When my husband and I lived in Maryland, after we were newly married six years ago, I suddenly found myself plopped down in the middle of military life. We lived in an area in MD, which was about twenty minutes north of Washington, D.C., and twenty minutes south of Baltimore. From DC to Annapolis, military folks were everywhere.
It was only natural for me to take an interest in the hit television series on Lifetime, Army Wives. Since military life was all around me from the navy to the army, I was suddenly emmersed in a different culture. My husband and I were often met by groups of Navy men and women, running up and down the beach on our day trips to Annapolis, and we spent Easter Sunday at Ft. Myer Army Base, adjacent to Arlington National Cemetery.
Sacha and me- Ft. Myer, VA- 2009
Being on the army base really made me think about what life was like for military families. It was humbling to be in the presence of so many military men and women, who gathered together to worship on Easter Sunday... men and women who put their lives on the line, to protect me.
Of course, the series Army Wives painted a picture of what military families deal with and go through on a daily basis. In our own family, we have a cousin who's husband is in the military, and their family of five has moved several times in the course of the six years that Sacha and I have been married. I can only imagine what it must be like to have to deal with securing housing on post, or even off post! A great resource for military families is militaryfamily.org.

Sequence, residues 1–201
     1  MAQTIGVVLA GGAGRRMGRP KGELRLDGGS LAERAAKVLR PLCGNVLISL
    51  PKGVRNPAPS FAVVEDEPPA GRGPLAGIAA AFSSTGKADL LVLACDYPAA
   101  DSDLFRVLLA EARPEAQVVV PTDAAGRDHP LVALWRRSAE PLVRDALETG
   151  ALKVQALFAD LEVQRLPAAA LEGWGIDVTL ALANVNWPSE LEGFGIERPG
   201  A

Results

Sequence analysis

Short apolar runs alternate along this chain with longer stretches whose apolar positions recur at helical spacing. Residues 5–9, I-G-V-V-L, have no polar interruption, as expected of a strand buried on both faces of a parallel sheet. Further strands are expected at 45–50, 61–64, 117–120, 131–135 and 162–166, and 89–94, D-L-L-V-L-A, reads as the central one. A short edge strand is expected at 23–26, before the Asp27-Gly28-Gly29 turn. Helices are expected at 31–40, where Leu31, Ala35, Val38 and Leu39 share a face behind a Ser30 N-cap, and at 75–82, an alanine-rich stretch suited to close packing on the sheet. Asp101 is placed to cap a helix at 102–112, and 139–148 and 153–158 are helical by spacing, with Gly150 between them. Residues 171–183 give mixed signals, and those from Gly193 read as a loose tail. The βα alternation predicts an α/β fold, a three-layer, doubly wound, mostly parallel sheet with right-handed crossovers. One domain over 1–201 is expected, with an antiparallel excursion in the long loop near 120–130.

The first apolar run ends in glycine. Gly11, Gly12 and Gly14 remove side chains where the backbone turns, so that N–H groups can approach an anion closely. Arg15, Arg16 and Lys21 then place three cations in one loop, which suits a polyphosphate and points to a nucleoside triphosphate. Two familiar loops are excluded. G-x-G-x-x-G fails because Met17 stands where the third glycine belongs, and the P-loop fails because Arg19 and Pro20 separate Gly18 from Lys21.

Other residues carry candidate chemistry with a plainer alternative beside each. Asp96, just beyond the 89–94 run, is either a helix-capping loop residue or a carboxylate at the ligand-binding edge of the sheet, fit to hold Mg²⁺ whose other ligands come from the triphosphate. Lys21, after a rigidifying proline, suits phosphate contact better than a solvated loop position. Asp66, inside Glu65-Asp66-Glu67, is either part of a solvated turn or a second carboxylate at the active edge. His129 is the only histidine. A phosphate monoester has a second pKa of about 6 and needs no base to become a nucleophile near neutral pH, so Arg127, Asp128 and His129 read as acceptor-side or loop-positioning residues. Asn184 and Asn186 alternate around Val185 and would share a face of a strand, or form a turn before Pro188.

My dad is a church musician, and in my childhood, we moved four times. I attended six different schools from elementary school to high school. It was a lot of adjustment for me, and my sister to be in so many places- making new friends, etc... and I can't imagine what it was like for my parents, making sure we had good housing and that we were going to wind up in good schools.
With military families, when a service person gets their orders, they have to go where they're told, when they're told to go. Families are often wait-listed for housing, which is why some families choose to live off post. There are so many things to consider when their are children in the mix. Moving is definitely part of military life, and knowing what to expect is definitely helpful. Talking to the children is so important, so they can understand the family's commitment to the military, and why they're never in one place for very long. Open and honest conversation and communication is key for making these types of transitions go as smoothly as possible. You can also find great tips on how to plan your military family move!
I know that I'm not faced with these issues, personally, but you never know... my husband has made mention of wanting to play in the President's Own (military) Band, and if that ever happpens, it's the military life for me, y'all!
Do you have any military life advice or tips?
We'd love to hear them!